** out of 5

Vintage Cardboard Gems

I recently received these awesome vintage cards in the mail from Mark over at RetroSimba, (Check it out, it’s one of the most important baseball publications out there) and I was curious about the history of these cardboard gems. Here’s a wonderful vignette Mark wrote about those origins:

My boyhood world in the 1960s was Bayonne, N.J., a working-class city of ethnic neighborhoods across the bay from New York City. Depending on what part of town the Catholic church was in, you could hear Masses conducted in Polish, Italian, German, Spanish, English, and, of course, Latin.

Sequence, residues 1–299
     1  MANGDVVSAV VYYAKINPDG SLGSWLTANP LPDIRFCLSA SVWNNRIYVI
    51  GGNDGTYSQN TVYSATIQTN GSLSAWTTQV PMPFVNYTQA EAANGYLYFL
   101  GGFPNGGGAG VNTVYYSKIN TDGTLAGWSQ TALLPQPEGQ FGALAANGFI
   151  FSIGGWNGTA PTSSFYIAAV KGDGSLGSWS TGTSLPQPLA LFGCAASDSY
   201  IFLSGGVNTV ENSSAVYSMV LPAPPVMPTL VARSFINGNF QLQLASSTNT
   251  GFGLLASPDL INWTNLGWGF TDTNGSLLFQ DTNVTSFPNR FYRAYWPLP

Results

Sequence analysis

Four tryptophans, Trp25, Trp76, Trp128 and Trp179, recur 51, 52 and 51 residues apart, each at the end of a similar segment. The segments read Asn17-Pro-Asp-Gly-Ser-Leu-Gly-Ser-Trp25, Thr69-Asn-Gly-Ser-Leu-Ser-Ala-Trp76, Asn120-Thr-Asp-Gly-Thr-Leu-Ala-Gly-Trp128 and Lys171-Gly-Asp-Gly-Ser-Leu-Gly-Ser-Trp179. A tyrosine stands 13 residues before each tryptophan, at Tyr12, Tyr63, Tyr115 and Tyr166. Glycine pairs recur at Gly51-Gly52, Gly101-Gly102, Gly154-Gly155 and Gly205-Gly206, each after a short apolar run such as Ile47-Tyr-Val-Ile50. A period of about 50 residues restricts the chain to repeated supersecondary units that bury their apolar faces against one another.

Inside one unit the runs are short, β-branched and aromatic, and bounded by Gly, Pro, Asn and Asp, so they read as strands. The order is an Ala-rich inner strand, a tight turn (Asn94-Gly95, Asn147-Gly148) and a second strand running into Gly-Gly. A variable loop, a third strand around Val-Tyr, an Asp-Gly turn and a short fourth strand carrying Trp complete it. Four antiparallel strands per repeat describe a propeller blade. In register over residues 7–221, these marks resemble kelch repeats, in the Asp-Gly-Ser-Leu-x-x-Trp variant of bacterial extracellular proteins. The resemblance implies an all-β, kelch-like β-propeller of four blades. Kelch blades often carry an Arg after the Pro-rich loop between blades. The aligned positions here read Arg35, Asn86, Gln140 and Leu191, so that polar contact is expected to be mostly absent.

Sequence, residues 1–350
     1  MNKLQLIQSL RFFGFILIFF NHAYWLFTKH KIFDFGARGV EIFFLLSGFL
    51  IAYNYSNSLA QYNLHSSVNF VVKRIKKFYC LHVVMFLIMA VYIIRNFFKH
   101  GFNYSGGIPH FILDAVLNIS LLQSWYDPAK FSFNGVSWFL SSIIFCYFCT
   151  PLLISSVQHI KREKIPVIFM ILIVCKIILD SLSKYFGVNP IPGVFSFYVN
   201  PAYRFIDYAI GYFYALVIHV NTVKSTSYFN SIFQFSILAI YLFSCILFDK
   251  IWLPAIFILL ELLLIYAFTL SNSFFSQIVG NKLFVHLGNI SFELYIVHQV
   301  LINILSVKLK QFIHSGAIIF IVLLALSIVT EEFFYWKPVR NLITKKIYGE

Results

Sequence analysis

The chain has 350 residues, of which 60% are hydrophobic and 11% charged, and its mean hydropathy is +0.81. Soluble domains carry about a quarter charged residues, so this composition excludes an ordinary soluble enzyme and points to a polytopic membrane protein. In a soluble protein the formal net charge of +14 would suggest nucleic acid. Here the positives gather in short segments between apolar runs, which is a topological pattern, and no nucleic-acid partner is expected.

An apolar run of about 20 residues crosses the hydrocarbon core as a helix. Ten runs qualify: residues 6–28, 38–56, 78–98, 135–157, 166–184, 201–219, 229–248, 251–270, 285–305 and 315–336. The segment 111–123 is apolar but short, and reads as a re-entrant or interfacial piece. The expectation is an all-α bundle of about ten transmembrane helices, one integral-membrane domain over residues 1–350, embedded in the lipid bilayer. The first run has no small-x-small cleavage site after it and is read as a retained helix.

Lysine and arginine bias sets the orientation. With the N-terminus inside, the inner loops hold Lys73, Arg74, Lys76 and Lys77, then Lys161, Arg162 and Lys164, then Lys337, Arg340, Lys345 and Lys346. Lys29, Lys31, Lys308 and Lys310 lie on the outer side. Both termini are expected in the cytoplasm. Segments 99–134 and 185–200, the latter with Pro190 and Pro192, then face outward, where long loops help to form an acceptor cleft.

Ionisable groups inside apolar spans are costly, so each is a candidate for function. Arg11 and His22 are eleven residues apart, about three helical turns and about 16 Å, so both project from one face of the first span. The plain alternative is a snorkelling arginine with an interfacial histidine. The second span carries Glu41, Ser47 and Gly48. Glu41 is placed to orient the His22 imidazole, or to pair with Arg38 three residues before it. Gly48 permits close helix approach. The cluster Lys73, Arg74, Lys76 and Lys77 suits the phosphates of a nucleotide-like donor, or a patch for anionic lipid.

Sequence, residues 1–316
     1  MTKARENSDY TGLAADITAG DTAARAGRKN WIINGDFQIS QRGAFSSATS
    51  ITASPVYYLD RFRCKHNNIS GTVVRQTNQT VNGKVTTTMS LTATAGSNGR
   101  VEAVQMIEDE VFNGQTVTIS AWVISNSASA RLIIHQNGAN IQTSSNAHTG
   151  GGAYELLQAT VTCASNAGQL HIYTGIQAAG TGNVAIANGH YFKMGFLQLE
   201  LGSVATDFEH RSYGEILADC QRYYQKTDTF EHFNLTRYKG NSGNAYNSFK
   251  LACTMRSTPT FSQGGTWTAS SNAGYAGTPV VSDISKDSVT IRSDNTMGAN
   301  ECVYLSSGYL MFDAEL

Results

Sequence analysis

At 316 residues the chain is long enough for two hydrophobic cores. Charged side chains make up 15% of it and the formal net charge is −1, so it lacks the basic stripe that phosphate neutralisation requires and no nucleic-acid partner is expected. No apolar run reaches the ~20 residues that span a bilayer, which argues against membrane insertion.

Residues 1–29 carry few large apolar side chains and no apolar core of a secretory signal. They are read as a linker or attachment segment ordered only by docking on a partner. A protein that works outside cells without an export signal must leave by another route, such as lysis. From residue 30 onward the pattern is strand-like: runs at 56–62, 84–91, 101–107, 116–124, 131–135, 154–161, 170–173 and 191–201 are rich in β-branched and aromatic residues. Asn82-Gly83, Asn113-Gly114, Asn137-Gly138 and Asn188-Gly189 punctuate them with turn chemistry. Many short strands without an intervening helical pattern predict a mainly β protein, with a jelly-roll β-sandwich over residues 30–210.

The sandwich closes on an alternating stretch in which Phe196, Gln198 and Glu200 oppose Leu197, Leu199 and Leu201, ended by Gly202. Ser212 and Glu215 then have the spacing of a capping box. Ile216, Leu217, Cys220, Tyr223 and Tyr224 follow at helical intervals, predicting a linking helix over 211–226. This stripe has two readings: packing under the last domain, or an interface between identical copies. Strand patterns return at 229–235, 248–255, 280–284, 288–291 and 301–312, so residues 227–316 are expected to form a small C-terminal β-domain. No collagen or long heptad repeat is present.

Chuck Wepner, the heavyweight prizefighter, operated a liquor store on Broadway. They called him “The Bayonne Bleeder,” because of the pounding he took in the ring. Sylvester Stallone acknowledged Wepner was the model for the “Rocky” movie character. Like the city he came from, “The Bayonne Bleeder” was tough and streetwise. He went 15 rounds with Muhammad Ali. When he worked the champ into a corner, Wepner stepped on his foot so he couldn’t shuffle, then knocked him on his ass.

Around the block from where I lived on 31st Street was Sam Pope’s candy store. Sam and his wife ran the place. She always was nice. Sam always was all business. He wore a wide, white apron and would pass for the twin of actor Vincent Gardenia.

The store was stuffed with stuff, but my attention was on the same items: Comic books, Spaldeens, popsicles, Chuckles candy, gum, and baseball cards.